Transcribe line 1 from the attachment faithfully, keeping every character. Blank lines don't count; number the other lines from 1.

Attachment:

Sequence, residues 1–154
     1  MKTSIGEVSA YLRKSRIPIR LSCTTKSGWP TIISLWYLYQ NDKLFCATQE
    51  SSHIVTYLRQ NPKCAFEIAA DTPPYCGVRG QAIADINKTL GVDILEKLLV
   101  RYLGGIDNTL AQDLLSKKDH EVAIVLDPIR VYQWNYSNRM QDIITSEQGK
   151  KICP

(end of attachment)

Sequence, residues 1–154